Every crisis I have worked on comes down to three questions you must be able to answer: What did you know? When did you know it? What did you do about it at the time?

I worked on a beef recall in the summer of 2000 at Moyer Packing Company, then the largest beef packer on the East Coast. Moyer was a third-generation Mennonite family business. They were guided by strong values: produce a quality product, treat your people right and profits will follow. The key to sustainable success, they believed, was to reinvest those profits in their people and their product.

On a Friday in July, we were alerted by the U.S. Department of Agriculture that their ground beef had tested “presumptive positive” for E. coli at a grocery store. According to regulations, they had to wait 48 hours for the confirming test to issue a recall. We wanted to act faster. Lives were on the line but USDA did not want to issue a public recall until the presumptive was confirmed. So, they sent their employees in their own vehicles to retrieve the product from store shelves.

They also immediately notified key customers, including a little Columbus, Ohio-based burger joint known for its square beef patties, about the impending recall. I’ll never forget the call we got from Wendy’s at the end of the week, saying they were going to increase their business because of how they handled the situation.

I call this the inoculation strategy. The last thing you want is for your customers to hear about your problem in the media. If you have a problem, shine a light on it and fix it. In my experience, how you act in a crisis reveals the true character of your company, for better or worse.

Lesson #3. Never lie or mislead. The truth will come out!

The summer after the Farmland oil spill, I was brought in to help the makers of Oxycontin to protect their reputation in the early days of the opioid crisis. According to the company, their “miracle drug” was being abused and disparaged. They had a point. Their drug was a miracle for people living in chronic, end of life pain. But the problem was not limited to intentional drug abuse.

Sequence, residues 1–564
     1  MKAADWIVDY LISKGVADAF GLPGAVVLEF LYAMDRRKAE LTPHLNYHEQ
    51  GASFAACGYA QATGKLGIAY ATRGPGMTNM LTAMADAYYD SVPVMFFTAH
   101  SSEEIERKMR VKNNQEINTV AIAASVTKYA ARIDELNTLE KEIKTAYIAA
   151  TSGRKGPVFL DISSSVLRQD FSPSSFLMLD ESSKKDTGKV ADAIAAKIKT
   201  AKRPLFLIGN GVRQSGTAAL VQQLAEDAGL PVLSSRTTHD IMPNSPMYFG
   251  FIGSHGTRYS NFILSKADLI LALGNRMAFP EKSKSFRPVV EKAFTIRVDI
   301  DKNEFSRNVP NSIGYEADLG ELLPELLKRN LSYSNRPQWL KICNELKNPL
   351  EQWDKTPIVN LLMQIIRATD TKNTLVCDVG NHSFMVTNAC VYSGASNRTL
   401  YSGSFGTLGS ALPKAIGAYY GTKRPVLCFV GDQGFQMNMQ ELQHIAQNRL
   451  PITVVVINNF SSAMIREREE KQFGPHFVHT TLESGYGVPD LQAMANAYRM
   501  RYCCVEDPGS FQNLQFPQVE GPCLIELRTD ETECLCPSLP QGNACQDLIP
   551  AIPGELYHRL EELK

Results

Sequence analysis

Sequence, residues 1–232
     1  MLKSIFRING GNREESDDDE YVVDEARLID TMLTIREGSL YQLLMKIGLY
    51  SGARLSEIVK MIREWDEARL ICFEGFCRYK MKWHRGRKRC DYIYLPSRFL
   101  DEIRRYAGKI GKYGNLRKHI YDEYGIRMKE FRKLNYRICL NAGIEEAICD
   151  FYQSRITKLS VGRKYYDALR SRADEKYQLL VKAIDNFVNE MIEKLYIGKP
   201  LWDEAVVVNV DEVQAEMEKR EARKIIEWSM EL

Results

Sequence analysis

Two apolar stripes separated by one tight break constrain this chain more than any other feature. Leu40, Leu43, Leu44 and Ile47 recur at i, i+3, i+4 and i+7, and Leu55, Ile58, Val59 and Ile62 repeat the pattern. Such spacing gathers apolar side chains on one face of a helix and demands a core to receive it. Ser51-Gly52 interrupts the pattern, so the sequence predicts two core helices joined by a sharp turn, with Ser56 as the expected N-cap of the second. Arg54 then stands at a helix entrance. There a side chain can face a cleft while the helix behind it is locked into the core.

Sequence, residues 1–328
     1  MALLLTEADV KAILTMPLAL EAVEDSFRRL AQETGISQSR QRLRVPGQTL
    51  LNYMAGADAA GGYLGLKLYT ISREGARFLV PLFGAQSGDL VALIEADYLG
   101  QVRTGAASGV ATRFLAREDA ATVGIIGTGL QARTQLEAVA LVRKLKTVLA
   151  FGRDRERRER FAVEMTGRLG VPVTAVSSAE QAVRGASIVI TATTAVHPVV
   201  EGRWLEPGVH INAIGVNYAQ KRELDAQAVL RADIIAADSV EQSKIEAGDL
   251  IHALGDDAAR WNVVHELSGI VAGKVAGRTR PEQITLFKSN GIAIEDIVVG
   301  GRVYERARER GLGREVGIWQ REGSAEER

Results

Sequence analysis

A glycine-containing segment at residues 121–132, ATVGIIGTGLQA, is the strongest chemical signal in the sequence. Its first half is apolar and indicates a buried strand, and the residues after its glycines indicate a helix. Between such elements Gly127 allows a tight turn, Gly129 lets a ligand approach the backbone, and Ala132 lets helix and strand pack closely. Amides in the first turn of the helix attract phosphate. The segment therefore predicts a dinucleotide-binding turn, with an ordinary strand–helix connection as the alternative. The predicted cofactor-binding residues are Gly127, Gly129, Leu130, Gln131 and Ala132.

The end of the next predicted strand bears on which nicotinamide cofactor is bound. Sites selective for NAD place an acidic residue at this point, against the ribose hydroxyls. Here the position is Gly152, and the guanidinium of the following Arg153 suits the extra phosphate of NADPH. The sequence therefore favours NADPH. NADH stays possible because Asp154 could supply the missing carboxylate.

Fresh off the success of the Farmland oil spill and Moyer recall, I confidently counseled the company to take responsibility for the problem and meaningful action to curb abuse of their product. They didn’t see that as their responsibility. Trapped in a common crisis victim mentality, they blamed drug abusers for their problem, ignoring the stories of people like the sheriff of a small town in West Virginia who became addicted to Oxy after back surgery and lost his job and family.

I counseled them to take steps to crack down of doctors prescribing Oxycontin for ankle sprains and other minor pains. Their response? That’s not our responsibility. The FDA indication is severe pain lasting more than several days. It’s up to the doctor to diagnose and prescribe, not the company.

After six months of pleading my case, with no acceptance of responsibility or tangible action to fix the problem, I convinced my firm to resign the account. My reasoning? They were not taking our counsel, and our reputation was now at stake.

As we all know now, the company knew their drug was highly addictive. They knew before hundreds of thousands became addicted and people lost their moms and dads and sons and daughters. And yet, they put profits before people. They made no attempt to improve their product. They have paid billions to settle lawsuits. Their reputation is permanently tarnished.

No PR professional can fix that. No words will make it right. PR is no substitute for doing the right thing.